With their introduction during the first half of the 20th century, antibiotics ushered in a new era for humankind – saving lives on a massive scale. From earaches to tuberculosis, common bacterial infections that had once proved deadly could finally be cured.
One of the key players in this revolution was Erika Böhni, a farmer’s daughter from a small town in Switzerland. The young microbiologist and chemist joined Roche in 1951 at a time when the company was just starting to earn a reputation in the field of antibacterial research. The 29-year-old ETH graduate was keenly interested in the subject and, once she was convinced of something, she fought for it passionately, spiritedly. . .even stubbornly.
Erika’s razor-sharp scientific mind and self-discipline were legendary and, by the 1960s, she’d come up with a solution no one could believe: the combination of two active ingredients, sulfamethoxazole and trimethoprim. In her words: “People thought, ‘Böhni’s gone crazy.’ Until other bacteriologists confirmed the fact. It was a fantastic, exciting time.”
The combination was shown to specifically block two steps in the bacterial synthesis of folic acid to halt bacterial growth. A medicine based on her wild idea was launched in 1969 and has since been used almost two billion times – generic, lower-cost versions included – providing a cure or relief from infections of the respiratory, urinary, genital and gastrointestinal tracts as well as the kidneys. Even today, it is still a highly effective treatment for one of the most common opportunistic infections in AIDS patients.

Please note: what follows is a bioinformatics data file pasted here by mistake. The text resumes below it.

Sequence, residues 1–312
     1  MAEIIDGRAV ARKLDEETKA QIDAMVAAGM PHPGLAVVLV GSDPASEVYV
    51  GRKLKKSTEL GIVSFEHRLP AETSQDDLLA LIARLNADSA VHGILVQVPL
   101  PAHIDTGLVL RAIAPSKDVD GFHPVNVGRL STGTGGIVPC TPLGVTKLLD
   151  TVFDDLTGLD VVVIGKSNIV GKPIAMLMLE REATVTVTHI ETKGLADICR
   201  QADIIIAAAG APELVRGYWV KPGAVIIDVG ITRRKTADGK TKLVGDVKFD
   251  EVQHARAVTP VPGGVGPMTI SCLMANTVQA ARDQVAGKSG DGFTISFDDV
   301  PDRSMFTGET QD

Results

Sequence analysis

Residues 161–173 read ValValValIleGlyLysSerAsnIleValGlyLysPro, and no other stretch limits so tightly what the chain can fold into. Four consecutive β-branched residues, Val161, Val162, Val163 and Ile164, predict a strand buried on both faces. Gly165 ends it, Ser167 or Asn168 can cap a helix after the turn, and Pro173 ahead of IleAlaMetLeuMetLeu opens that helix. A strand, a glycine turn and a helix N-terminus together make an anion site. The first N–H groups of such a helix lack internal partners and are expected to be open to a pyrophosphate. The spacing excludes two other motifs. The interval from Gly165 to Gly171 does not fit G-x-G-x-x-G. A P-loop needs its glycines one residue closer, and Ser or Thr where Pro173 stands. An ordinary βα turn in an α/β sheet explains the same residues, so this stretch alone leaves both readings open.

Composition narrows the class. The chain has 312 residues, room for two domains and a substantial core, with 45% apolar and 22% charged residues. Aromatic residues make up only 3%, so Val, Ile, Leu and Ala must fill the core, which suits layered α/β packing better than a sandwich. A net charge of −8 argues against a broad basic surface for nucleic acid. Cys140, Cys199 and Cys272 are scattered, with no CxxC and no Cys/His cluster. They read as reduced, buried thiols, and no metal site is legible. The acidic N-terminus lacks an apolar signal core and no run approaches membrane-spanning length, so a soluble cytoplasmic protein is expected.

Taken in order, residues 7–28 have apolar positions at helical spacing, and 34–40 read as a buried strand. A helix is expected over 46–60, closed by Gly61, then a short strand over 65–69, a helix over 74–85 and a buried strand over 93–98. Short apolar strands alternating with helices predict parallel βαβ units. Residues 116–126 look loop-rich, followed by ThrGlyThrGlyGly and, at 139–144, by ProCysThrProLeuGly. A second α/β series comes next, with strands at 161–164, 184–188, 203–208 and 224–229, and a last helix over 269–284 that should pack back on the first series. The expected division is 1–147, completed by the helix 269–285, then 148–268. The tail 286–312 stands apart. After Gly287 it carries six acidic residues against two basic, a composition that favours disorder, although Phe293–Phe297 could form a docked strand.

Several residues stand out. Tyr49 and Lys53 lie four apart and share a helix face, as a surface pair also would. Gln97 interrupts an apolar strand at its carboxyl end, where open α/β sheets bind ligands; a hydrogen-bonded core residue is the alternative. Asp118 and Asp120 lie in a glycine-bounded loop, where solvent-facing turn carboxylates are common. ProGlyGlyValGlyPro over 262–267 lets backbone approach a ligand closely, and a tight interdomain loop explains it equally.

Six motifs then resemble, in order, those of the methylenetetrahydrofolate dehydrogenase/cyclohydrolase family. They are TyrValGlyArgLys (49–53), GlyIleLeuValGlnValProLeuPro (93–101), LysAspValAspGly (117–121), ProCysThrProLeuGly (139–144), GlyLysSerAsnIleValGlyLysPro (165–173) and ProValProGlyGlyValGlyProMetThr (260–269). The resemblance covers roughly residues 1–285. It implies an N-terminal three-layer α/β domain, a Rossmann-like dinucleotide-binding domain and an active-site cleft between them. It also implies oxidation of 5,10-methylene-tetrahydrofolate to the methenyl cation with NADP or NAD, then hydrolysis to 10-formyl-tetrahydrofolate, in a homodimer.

Erika knew she was more than her scientific genius. She was also very business-savvy and, in 1971, joined the Board of Directors as the third woman ever to reach this position. But she was never very far from the lab. By the end of her career, four of the medicines she worked on had made it onto the World Health Organisation’s List of Essential Medicines. Never one to be idle, when she retired from Roche in 1984, Erika revealed yet another secret set of skills by becoming an author of books for children and young adults.
Throughout Erika’s career, antibiotics enjoyed global success, and it seemed like nothing could stop them. Until nature began to strike back.
Bacteria evolve in response to antibiotics and, in doing so, slowly chip away at the efficacy of treatments. It’s an issue for which we see only the tip of the iceberg in high-income countries, but that already disproportionately impacts low- and middle-income countries, where public health infrastructure is less robust. Today, with formerly fatal infections having been kept under control for nearly 100 years, multiresistant pathogens are becoming ubiquitous.
Gone are the days when we could rely on a bold, “crazy” individual like Erika Böhni to come up with a life-saving idea. The only way to face the global epidemic is with a completely new class of antibiotics with no known resistance. And the only way to get there is with a cross-discipline, global industry alliance working across partners to combat the mechanisms behind antimicrobial resistance.